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Review: Bach: The Brandenburg Concerti , The Amsterdam Baroque Orchestra

The MHS Review 383 Vol. 11, NO. 5• 1987

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King Durkee, "Strictly Classical" Copley News Service (January 14, 1987)


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The Amsterdam Baroque Orcdhestra performs on period instruments. This does not mean they play on instruments that have been handed down and preservd since the baroque period; it means their instruments were manufactured to certain specifications existing during the baroque period. differed considerablhe y, which omeant the smoeunnts

There are many differences between a certain instruments today and its baroque predecessor. For instance, woodwinds had fewer keys and horns and trumpets did not have valves. Also, the bores of the instruments differed considerably, which meant the sound differed considerably, which meant the sound produced was differen. You'll hear these differences in these recdordings. You'll also hear a difference in the 18th-century type stringed instruments and in the use of the recorder. In general, this produces a ligter sound that to my ears, fits in beautifully with the harpsichord.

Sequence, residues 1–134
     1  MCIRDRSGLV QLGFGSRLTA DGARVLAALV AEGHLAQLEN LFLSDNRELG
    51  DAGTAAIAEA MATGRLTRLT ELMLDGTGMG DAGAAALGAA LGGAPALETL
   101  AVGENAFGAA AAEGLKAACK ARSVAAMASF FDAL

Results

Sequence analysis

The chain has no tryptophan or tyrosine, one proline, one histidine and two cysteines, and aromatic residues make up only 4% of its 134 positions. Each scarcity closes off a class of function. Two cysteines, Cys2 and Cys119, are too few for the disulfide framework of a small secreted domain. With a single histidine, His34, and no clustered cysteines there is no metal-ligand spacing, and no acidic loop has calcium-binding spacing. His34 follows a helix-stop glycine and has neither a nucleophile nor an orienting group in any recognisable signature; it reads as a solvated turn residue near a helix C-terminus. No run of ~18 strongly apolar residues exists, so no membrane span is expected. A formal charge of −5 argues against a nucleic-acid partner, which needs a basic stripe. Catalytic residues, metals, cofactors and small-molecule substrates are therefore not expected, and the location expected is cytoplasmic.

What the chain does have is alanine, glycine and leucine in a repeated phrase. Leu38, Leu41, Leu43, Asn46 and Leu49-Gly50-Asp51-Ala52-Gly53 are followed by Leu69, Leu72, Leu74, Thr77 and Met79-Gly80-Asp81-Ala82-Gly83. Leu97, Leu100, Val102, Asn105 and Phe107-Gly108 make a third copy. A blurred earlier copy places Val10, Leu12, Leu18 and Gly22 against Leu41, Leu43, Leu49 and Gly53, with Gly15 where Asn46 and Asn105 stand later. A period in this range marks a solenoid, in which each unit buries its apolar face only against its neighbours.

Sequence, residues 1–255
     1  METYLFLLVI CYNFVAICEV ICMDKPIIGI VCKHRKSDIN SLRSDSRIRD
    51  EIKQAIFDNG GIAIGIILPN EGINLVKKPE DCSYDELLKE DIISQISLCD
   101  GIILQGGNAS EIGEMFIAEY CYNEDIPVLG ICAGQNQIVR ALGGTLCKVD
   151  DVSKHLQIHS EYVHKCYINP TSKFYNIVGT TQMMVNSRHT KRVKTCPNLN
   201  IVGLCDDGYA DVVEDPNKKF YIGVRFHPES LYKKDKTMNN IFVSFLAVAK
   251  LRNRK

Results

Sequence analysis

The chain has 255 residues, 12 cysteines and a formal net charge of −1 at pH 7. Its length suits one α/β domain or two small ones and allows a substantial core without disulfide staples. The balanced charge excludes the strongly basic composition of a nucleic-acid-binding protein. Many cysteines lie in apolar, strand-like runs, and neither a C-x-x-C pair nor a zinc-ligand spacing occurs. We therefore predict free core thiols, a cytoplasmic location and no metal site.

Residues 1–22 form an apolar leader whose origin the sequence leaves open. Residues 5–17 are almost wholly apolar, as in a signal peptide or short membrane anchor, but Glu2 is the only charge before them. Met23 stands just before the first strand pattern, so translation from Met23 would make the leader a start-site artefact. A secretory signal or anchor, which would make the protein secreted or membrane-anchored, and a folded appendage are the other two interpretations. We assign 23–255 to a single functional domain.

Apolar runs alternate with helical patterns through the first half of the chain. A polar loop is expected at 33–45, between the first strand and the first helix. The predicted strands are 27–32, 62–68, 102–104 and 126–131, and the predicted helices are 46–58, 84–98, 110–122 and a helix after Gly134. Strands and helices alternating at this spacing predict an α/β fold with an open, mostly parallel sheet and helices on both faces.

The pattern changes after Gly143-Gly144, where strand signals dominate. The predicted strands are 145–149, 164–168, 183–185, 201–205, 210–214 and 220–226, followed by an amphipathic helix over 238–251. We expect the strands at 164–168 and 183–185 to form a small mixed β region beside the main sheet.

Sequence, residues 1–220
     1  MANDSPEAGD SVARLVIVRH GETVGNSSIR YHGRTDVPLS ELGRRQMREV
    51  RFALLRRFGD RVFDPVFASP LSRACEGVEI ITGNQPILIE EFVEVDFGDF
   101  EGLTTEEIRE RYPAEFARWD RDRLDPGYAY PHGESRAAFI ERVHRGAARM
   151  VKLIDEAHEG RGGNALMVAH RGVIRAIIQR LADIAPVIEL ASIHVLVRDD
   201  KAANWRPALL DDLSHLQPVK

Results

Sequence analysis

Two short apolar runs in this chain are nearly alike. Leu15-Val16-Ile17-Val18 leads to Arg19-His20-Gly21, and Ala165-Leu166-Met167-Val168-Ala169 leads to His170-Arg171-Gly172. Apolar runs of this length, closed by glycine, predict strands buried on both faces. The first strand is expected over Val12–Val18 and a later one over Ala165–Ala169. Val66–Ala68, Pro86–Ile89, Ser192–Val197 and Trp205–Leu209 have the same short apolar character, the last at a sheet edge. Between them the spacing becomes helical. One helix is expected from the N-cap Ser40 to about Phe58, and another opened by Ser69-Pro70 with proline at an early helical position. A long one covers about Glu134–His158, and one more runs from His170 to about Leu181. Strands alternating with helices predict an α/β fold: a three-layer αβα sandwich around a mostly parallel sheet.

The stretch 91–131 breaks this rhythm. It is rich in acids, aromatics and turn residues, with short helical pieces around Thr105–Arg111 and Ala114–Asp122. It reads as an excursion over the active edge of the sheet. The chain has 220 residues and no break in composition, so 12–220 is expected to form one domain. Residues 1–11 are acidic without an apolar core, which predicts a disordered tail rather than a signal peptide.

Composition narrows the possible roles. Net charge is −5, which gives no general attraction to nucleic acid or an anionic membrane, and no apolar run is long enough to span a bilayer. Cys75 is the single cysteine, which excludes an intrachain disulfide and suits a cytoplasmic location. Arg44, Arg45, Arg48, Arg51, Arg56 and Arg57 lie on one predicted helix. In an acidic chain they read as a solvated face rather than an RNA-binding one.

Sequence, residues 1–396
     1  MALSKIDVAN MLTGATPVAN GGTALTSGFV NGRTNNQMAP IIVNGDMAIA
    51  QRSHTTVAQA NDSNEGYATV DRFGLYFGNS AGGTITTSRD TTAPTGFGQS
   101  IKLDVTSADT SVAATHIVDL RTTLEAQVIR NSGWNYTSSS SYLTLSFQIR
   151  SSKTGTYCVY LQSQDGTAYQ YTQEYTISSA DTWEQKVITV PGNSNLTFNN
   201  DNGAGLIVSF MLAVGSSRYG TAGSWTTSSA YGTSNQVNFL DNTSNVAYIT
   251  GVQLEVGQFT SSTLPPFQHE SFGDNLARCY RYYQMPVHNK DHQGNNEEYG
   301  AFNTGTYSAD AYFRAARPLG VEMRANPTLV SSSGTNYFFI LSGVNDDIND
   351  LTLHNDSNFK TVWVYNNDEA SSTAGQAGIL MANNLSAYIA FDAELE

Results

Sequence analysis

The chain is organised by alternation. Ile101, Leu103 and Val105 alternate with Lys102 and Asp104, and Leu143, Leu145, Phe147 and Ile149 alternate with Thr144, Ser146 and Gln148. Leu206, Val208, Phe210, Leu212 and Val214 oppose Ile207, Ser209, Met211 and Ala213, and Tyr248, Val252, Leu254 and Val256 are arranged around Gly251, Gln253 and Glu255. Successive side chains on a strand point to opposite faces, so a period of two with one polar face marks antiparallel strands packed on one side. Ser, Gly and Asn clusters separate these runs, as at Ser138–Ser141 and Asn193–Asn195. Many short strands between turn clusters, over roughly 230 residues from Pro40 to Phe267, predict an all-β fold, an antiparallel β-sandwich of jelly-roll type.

The Amsterdam Baroque Orchestra is one of the premier ensembles of its kind playing today. The artistry of all the players, featuring so many sololists, is of the highest order. Ton Koopman conducts the group from the keyboard of the hrpsichord. He maintains appropriate balances and tempos at all times. His aim is to produce an authentic baroque sound and he has certinly done so.

If you're a love of these marvelous concerti and have heard them in concert or on one of the many fine recordings available, it will be well to prepare yourself for the difference in sound on this set. After being used to hearing the concerti played on modern instruments this rendition could sound a little thin. Listen a little longer and I'll wager you'll have no difficulty gaining a quick appreciation for the unique values of this set. Which way is better? Rather we an be grateful we have both way available to us and can appreciate both of them.

The MHS sound on this set is terrific. No matter which instruments are featured including the trumpet in Concerto no 2--you can set your volume control once and leave it that way throughout. I highly recommend this splendid set and especially recommend it to listeners who are familiar with the works only on modern instruments. Incidentally the set includes an excellent short essay on the concerti by conductor Koopman.

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